Law and White Supremacy: Chief Justice Roger B.Taney authored, arguably, the worst opinion in the history of civilized jurisprudence in the 1857 Dred Scott Decision, which gave license to whites everywhere in this country to commit unholy acts of terror and injustice against blacks with impunity. “Black men have no rights that white men are bound to respect” was its literal, practical and legal message. That decision left black families, slave and free, with no standing in the courts whatever - entirely vulnerable to predatory whites.  In the north, the civilized tools of racism - hiring policies, workplace discrimination, redlining, eminent domain and at-large voting - became the merciful, routine means to maintain white strangleholds over black lives. In the south and mid-west, whites arrogantly added the deadly weapons of murder, terrorism, expulsions, black codes, rental slavery, poll taxes and intimidation - to their racist toolkit, then brazenly used them to widen the power and wealth gaps between the two races. The St. Louis Riot of 1917 was among the greatest acts of terrorism in U. S. history. As many as one hundred African-Americans were slaughtered by whites. Like many such white rampages against blacks as ordained by Justice Taney’s infamous decision, nothing was done to prosecute whites or render justice to African-Americans.

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4th cousin Melvin Luther Watt received his bachelors degree from the University of North Carolina and his law degree from Yale University. He was elected to the United States House of Representatives in 1993 and re-elected ten times. In 2014, he was appointed Director of the Federal Housing Finance Agency by President Barack Obama.

Edward Richard Dudley was in the first graduating class in 1929 of all-black Lucy Addison High School that I attended.. Edward received his bachelors degree from Johnson C. Smith University and his law degree from St. Johns University.  In 1949, he was appointed Ambassador to Liberia by President Harry Truman, becoming the first black ambassador in American history.  In 1961, when I entered Columbia University, he was serving as President of Manhattan Borough. Though we were both African-American, from the same distant small southern town and high school, with the same last  name, we were not related.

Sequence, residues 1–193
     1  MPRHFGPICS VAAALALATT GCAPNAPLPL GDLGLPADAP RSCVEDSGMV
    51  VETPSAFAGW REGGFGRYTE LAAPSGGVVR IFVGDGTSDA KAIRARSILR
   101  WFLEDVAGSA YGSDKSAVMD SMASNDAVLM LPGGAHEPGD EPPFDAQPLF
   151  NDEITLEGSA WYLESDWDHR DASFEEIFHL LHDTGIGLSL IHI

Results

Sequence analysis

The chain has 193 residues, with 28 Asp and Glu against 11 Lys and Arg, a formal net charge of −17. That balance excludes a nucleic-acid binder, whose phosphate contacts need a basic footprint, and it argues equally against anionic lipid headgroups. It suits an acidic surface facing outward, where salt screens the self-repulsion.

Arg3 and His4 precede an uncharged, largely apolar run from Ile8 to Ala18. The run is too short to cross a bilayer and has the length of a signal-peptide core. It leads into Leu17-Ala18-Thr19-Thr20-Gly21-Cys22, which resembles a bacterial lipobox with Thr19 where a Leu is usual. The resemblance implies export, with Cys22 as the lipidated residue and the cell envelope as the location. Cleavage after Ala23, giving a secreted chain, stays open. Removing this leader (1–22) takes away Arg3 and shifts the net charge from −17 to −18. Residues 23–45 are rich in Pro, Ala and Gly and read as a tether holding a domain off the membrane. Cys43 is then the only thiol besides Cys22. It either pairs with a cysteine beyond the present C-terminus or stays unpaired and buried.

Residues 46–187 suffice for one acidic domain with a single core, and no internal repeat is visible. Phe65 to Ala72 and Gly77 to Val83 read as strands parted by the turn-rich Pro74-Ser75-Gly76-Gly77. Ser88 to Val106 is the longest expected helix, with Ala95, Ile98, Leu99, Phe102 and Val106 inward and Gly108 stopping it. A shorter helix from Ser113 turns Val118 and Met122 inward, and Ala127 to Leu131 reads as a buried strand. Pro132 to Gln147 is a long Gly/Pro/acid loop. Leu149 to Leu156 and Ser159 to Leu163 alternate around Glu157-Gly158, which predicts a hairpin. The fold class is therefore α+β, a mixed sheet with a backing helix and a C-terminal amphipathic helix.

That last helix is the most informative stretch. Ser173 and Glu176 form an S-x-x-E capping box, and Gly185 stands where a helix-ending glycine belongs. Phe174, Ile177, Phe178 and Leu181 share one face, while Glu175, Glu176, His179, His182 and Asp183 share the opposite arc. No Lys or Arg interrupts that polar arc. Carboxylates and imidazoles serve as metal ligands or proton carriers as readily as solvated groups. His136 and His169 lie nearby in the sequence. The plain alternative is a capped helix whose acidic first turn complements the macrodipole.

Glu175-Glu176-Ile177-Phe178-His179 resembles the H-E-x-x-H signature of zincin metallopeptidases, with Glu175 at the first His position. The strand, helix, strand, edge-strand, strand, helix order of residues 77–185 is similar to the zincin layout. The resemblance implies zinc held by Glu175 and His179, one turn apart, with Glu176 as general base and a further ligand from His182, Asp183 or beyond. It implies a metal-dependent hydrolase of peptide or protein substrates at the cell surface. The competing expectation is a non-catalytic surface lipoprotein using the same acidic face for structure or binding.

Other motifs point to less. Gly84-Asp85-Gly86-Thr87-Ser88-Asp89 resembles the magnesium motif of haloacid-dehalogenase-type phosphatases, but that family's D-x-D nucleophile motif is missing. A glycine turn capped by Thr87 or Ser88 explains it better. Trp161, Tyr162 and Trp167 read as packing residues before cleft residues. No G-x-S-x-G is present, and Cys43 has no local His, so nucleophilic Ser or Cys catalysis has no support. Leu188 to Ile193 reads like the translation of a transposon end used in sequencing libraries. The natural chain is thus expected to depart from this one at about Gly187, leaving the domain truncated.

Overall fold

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In December, 1962,  I met Lt. Cmdr. Samuel L. Gravely at the Debutante Ball in Roanoke. He was there as the guest of his brother-in-law, George Coleman, assistant principal at Lucy Addison High School and one of my mentors. Like Lt. Cmdr. Gravely, I was in Navy winter dress which caused him to invite me over to his table.  I later learned that he was the first black commander of a U. S. Navy combat ship.  A fellow Virginian born in Richmond, Lt. Cmdr. Gravely eventually became the Navy’s first and highest-ranking black admiral, commanding the 3rd fleet based in Hawaii.

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In the summer of 1960,  my brother, Richard, and I attended a National Science Foundation Institute summer six-week study program for forty promising high school students at  Fisk University in Nashville, Tennessee.  Professor Samuel  P. Massie, who taught the group college chemistry, was easily the most engaging and charismatic instructor we experienced.  Dr. Massie’s mentoring had a profound effect on my future goals and aspirations.  I later learned of his many lifetime achievements and honors in the field of chemistry.

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Early Thanksgiving morning in 1963, my junior year at Columbia, schoolmate Hilton Clark drove me to his home in Hastings-on-Hudson, New York.  Because I had a serious throat infection and the campus was deserted for the holiday, Hilton, a sophomore, had kindly invited me to spend the holidays with his parents. There, I met his gracious parents, Kenneth and Mamie and his older sister, Kate.  Their estate was gorgeous, indicating a level of affluence that I had never seen before.  I learned that Dr. Clark was then a psychology professor at the City College of New York.  Much later, I learned of his pivotal role in the Supreme Court’s Brown vs. Board of Education decision  nine years earlier.

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